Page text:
Sales Pitch For The Commons
After the internet was well-established, a group of people decided that traditional copyright didn’t make much sense for people who wanted their creative work to be shared. Under copyright, those people would technically have to have a contract established with each person who wanted to copy their material, and that could get really tiresome. So they came up with some new types of licenses that were easy to understand, but legally sound. Now anyone who wants to share their creation can go to https://creativecommons.org/ and add whichever license they want to their work, then post it and let people have access at whatever level they choose.
Finding Shared Material
I used to think it was difficult to find good Creative Commons material. The best method available was to go to https://search.creativecommons.org/ and plug in some key words and maybe add a couple of filters to narrow the results, but I invariably found I was getting what I felt was sub-par material to work with. Now, however, things have changed. Not only is there MUCH MORE work with these licenses online than there was 10 years ago, but search engines have improved so that they can actually read the license attributed to the creative work and make it much easier to find good material.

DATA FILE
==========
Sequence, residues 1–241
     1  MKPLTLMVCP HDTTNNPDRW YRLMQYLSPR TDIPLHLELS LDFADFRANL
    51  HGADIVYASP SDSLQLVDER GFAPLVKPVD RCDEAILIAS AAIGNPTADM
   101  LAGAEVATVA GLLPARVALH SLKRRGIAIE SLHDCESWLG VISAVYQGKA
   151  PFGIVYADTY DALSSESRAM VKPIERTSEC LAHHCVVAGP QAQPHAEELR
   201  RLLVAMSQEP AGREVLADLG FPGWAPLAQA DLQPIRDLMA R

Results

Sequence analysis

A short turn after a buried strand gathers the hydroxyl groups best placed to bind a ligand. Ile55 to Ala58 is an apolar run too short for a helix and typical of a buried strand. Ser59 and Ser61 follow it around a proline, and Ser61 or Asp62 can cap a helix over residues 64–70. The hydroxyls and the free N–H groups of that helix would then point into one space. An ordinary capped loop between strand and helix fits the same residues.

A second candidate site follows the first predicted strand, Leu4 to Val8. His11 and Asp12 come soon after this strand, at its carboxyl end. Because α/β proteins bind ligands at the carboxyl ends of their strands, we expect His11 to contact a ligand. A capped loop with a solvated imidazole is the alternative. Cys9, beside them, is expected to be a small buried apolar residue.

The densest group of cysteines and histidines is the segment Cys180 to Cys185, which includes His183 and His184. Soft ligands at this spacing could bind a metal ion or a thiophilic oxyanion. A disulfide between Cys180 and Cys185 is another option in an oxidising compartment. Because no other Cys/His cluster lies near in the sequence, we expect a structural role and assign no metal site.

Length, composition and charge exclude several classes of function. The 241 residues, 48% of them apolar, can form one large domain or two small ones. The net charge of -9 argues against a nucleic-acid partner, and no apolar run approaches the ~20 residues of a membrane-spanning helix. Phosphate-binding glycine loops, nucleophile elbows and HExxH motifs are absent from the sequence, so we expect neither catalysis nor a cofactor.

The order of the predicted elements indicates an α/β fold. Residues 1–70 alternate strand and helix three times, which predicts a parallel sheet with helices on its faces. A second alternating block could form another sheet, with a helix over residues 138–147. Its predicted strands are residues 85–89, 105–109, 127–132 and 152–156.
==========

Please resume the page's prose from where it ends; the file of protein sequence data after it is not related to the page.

Hold ‘Command’ and click on the links below (opens a new tab). Then follow the instructions to do a search for each of the three types of media that have a ‘free to use’ license and download them to your computer.
- Finding Free-To-Use Images Using Google
- Finding Creative Commons Videos on YouTube
- Finding Creative Commons Music on Soundcloud
Another excellent site that has been collecting a lot of free-to-use media is the Commons area of Wikimedia.org, so that might be worth poking around too, when you have time.
Student Guide to Copyright by Paul Meritt is licensed under a Creative Commons Attribution-ShareAlike 4.0 International License.